For the first time ever, I find that I have empathy for mothers-of-the-groom and mothers-in-law in general. After all, it’s tough playing a minor supporting role in a story in which you birthed the male lead. Whether he is tall, handsome, smart, funny, athletic, or any other number of things, he is the “Best Actor in a Leading Role” and you get none of the credit. You are relegated to “walk-on” or “walk-off” parts and pray that you are not cast as the wicked witch or that your part isn’t written out of the script entirely. Then you find yourself alone in a dressing room, expected to take care of your own make up and wardrobe.
And so it starts…tomorrow begins my quest for a dress to suit my character. A “mother of the groom” dress. Yup. In a little over five months my son will be getting married.
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It’s been a long time since I’ve purchased a gown, but I vividly remember the favorites. First came my wedding dress. It was stunning and fulfilled all of the expectations of a first-time bride. Next was the first “grown up” dress – a white one – that I bought and wore to my brother’s wedding (I was only twenty-five at the time); but even more memorable were the Stuart Weitzman satin and rhinestone shoes I splurged on! Then came the fitted black and lace dress that I wore to my cousin Stephen’s wedding. After that was the gold tulle and beaded dress I wore to my sister’s wedding. And last, but not least, was the orange beaded “red carpet dress” I bought for my son’s Bar Mitzvah.
All of these frocks are safely stored in my basement cedar closet. I guess I saved them all (they range from twelve to thirty years old!) because they tell about a meaningful event in my life and remind me of how I felt – inside and out – when I wore them. Ironically, I know that I am the only one who remembers at which occasion these dresses made their appearances; how much they cost; or which shoes and accessories accompanied them. No one else knows or cares.
With this in mind, it’s obvious to me that my “mother-of-the-groom” dress will only mean something to me. I even got this message loud and clear when I googled “mother of the groom dresses.” Do you know what happens when you enter this string of search words? Most of the results are “mother-of-the-bride” dress sites! Go ahead. Try it and see for your self. Even worse, on the rare site that actually has a category called “mother-of-the-groom,” you’ll find the ugliest, most frumpy gowns ever.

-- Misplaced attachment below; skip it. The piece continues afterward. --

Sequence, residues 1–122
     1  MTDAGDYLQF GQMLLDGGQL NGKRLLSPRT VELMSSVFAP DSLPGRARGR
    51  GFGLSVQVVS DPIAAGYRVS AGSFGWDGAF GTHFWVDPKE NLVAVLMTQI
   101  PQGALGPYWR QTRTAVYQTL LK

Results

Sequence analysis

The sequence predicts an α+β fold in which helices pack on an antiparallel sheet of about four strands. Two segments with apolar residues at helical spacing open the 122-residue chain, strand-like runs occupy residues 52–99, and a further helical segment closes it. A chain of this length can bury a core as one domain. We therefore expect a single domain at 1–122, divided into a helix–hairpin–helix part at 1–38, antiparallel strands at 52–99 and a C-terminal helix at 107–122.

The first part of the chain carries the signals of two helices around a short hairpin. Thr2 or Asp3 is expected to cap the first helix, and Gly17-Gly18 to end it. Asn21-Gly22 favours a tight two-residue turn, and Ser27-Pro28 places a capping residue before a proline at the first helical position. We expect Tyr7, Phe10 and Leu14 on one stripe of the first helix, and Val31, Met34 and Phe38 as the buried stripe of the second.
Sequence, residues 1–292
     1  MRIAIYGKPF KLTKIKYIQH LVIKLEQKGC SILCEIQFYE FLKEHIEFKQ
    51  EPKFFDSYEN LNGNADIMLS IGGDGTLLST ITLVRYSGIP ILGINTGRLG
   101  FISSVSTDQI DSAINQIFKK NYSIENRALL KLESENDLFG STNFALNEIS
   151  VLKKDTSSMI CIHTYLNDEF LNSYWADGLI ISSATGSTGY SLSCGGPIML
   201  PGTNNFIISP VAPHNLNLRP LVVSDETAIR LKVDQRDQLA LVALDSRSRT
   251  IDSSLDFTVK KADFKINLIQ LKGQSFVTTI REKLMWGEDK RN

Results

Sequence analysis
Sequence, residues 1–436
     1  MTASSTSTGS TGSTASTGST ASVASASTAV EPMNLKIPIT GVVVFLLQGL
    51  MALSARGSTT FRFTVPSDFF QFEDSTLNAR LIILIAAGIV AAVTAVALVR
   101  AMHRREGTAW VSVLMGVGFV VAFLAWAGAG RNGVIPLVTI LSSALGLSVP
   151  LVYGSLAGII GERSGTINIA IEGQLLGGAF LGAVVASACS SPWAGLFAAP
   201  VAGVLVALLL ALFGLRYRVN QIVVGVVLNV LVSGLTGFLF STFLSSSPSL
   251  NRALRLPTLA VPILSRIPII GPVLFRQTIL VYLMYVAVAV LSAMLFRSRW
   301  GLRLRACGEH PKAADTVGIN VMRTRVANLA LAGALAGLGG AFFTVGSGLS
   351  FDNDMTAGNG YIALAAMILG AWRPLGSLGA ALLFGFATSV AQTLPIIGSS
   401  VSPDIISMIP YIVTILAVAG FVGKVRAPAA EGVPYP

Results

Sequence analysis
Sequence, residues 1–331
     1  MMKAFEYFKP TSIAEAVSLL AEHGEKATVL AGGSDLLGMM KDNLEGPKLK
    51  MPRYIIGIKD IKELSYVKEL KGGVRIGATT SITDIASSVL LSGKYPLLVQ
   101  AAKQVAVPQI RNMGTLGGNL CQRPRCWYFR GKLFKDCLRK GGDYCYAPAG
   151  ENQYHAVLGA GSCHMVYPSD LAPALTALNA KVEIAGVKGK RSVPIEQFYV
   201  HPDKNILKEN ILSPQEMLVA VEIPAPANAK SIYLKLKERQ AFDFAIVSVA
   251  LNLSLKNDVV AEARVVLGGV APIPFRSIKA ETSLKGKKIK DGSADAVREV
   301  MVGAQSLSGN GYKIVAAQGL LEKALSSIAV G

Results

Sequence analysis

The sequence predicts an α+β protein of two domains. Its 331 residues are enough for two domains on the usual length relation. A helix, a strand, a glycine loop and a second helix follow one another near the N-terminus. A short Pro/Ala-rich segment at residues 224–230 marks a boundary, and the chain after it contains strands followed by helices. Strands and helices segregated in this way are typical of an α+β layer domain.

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My sister-in-law, Ann, suggested that I come up to New York and she’ll help me buy a dress. My daughter wants me to come visit her in Chicago so I can buy one there. My mother thinks we can find something different in Florida when I go visit in April. But, it was my friend, Meredith, who pushed me to start looking right here in Atlanta. She made me call a boutique store that specializes in “high-end special occasion and evening wear,” where I learned that the spring and summer inventories are actively coming in now.
The saleswoman barraged me with questions about my height (5’6”), weight (uh, let’s just say I still have five to seven pounds to lose), dress size (6+/-), style preferences (I have no clue), and color preferences. Color? The bride is wearing white; the bridesmaids are wearing navy; and the groom and his entourage are wearing “midnight navy” or black tuxedos. I, however, was told that I may wear whatever color I want. So, I made an appointment and reviewed the list of “Best Dressed” from last week’s Academy Awards. My Spanx, good bra, and a pair of heels are packed. I’m ready to start the search for my version of the “mother-of-the-groom” gown.
My mother keeps telling me to “shut up, shell out, show up, and wear beige.” While she might be right, I won’t be wearing navy, black, or beige on the Big Day. I may only be playing a supporting role, but this new dress will be worthy of joining the others in my wardrobe of memories.